Marina Pessione’s imagination and creativity have resulted in a body of artwork both respected and recognisable, her artist colleagues say.
It was art that came from the subconscious and Pessione’s artworks were testament to her talent and perseverance, fellow Alexandra artist Neil Driver said at the opening of a commemorative exhibition of Pessione’s work last week.
Pessione celebrated her 50th birthday earlier this year and the exhibition was a celebration of her art career, her mother Jan Pessione said.
Pessione, who has Down Syndrome, did not paint as much now as she used to, so her collection of artworks was becoming increasingly precious, Mrs Pessione said.
Her art had attracted much attention and a variety of accolades over the years. Her achievements were significant, Mrs Pessione said.
Pessione had always been interested in art and loved drawing as a child, but it was when she arrived at Dunstan High School in the 1980s that her art really took off. Under the tutelage of Dunstan teachers she passed school certificate and sixth form certificate art, and after she left school she did further art classes with Driver.
It was a turning point for Pessione, who responded to the “inspirational” influence of Driver and began producing prolifically, Mrs Pessione said.
For several years she had paintings accepted for the International Exhibition of Art by people with an intellectual challenge; she was interviewed on television by Angela D’Audney when her art was in an exhibition at the University of Otago; in 2002 she was commissioned by the IHC to produce a Christmas card; in 2003 she was one of the four winning entries in a national Special Olympics New Zealand competition; and in 2005 she was a finalist in the Telecom IHC Art Awards.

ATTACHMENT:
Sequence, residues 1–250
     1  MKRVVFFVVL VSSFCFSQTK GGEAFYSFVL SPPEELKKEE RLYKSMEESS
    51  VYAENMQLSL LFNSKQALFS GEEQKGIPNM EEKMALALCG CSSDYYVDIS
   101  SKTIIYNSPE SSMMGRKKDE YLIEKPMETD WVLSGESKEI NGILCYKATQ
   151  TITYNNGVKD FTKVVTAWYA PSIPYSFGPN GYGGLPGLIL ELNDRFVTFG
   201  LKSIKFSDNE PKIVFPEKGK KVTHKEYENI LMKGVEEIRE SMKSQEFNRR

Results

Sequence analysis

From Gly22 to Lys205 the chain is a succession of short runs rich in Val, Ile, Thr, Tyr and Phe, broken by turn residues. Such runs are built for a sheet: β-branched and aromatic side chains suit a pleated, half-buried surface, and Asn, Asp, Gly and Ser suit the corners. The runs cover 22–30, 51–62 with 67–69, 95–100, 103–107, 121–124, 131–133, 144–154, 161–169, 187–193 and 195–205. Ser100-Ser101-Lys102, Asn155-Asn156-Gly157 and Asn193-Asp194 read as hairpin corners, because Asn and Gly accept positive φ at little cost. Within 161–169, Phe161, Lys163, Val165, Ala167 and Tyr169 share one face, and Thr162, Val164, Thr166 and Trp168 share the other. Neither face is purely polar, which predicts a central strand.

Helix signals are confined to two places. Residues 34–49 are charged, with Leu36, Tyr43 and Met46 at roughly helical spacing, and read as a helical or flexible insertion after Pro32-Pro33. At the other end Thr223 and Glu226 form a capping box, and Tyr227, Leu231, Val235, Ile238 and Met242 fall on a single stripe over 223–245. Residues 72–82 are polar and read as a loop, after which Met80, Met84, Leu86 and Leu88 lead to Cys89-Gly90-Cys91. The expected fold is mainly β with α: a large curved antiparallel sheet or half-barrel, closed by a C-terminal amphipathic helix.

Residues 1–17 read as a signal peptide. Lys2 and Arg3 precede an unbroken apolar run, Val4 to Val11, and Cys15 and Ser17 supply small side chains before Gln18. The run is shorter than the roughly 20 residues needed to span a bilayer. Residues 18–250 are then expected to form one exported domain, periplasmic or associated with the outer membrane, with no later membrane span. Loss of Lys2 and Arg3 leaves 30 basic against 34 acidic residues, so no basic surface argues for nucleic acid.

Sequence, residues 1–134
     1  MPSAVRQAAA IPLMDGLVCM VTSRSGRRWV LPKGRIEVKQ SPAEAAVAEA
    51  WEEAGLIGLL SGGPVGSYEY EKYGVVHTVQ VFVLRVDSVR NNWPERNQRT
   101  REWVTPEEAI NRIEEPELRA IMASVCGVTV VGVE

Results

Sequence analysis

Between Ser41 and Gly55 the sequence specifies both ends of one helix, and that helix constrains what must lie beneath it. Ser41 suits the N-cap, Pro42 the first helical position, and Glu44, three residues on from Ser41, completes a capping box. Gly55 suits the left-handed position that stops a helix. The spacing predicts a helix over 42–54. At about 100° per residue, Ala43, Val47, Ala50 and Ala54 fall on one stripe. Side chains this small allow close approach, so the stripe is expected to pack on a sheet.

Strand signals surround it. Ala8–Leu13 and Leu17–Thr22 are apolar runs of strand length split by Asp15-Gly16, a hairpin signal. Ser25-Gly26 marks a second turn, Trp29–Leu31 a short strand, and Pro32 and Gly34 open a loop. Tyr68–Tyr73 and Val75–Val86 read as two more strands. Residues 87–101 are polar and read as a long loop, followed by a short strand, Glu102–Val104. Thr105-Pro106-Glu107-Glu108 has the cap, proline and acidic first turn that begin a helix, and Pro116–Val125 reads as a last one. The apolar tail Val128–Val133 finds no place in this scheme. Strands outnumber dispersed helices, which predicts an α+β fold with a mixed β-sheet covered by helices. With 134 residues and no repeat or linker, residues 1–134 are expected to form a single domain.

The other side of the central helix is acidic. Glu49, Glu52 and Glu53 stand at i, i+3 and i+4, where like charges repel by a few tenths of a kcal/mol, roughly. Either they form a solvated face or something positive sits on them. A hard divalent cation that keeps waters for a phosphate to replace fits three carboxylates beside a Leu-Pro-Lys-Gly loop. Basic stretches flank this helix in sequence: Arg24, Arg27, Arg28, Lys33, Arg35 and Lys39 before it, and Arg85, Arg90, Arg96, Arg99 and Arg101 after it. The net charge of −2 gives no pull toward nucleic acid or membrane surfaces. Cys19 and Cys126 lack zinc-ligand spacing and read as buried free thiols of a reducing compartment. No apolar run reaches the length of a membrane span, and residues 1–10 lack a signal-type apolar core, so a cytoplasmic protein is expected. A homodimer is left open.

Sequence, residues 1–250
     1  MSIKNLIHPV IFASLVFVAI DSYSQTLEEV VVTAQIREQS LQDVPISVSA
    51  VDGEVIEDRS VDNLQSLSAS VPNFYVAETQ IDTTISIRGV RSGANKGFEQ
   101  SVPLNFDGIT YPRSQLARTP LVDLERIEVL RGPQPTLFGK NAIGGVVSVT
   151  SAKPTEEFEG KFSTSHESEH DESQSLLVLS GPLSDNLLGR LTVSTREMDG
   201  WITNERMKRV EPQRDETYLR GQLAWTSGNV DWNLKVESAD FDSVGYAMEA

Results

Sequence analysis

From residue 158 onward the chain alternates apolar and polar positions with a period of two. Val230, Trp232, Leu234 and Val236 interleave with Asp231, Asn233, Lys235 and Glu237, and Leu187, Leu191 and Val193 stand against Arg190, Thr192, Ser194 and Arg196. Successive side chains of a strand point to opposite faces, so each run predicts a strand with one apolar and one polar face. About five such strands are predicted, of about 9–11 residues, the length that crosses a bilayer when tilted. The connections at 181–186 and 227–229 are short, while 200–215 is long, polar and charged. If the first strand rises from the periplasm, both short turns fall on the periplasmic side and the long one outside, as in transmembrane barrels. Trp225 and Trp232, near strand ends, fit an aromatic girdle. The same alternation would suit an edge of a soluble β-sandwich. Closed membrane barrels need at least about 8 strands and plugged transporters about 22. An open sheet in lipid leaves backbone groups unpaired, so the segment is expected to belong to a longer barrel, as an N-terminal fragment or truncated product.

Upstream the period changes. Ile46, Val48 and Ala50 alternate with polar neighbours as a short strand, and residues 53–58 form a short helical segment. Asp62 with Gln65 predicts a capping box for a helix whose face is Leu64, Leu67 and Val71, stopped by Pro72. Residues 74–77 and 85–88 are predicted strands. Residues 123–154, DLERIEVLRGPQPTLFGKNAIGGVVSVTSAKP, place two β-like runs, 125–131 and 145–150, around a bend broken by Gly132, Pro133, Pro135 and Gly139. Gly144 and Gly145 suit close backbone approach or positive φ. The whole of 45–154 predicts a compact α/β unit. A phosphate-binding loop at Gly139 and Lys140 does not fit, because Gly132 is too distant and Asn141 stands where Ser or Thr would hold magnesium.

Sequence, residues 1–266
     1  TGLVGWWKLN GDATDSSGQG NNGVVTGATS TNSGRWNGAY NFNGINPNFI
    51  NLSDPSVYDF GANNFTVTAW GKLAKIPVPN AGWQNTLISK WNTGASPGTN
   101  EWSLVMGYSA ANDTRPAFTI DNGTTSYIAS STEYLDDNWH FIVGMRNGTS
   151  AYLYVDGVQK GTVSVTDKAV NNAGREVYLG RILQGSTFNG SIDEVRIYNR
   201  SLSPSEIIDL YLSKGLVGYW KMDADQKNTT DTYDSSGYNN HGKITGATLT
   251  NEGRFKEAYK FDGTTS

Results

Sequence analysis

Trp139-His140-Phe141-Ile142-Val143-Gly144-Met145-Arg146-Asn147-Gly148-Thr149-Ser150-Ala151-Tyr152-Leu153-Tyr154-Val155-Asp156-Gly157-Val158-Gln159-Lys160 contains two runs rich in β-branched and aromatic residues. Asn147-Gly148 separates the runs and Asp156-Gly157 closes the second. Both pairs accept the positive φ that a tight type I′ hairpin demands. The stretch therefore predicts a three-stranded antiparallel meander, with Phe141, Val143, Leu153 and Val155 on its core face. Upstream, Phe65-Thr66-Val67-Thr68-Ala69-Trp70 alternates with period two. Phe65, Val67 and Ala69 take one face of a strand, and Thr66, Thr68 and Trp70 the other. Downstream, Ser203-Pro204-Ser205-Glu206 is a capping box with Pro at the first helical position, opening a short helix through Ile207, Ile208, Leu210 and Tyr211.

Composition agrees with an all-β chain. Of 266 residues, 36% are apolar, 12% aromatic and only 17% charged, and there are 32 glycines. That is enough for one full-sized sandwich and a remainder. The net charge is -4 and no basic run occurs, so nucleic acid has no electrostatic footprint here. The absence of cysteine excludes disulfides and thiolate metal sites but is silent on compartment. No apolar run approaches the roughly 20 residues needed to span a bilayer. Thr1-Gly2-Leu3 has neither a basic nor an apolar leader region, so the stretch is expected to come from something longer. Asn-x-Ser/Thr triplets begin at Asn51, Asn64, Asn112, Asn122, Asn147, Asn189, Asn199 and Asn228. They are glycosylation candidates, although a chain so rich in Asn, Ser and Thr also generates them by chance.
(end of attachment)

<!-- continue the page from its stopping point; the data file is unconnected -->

She had also exhibited various times in local exhibitions and received valuable support and encouragement from the Central Otago Art Society and other Central Otago artists, Mrs Pessione said.
“We’re lucky that we live in such a lovely, supportive community.”
Driver said he had only advised Pessione on how to create artworks with paints (she had previously worked in felt pen) and it was her own determination and perseverance that had led to her success.
“Her concentration was phenomenal. She would be in a two-hour group class and the others would need to get up after 20 minutes and have a break but Marina would paint for the entire two hours. She’s got a concentration that other people don’t have. She just gets lost in her art.”
Mrs Pessione said art had been a wonderful form of self-expression and the artworks had evolved over the years. They include pieces on paper, card and silk, and Pessione has also done spinning, weaving and cross-stitch.
All brought “fantastic images of her unconscious to light”. The detailed images, often including geometric patterns and rich, detailed backgrounds, included many seascapes and images of flowers and leaves.
Some of the silk works were turned into cards, cushions and items of clothing. One particularly special piece was a painted silk tie Pessione had given to Alexandra New World owner Kevin Ryan; the Ryans had employed her at their supermarket for 29 years.
Mr Ryan then thrilled Pessione by wearing the tie to her farewell ceremony when she retired from the job, and the Ryans’ support had been some of the most significant from the Central Otago community, Mrs Pessione said.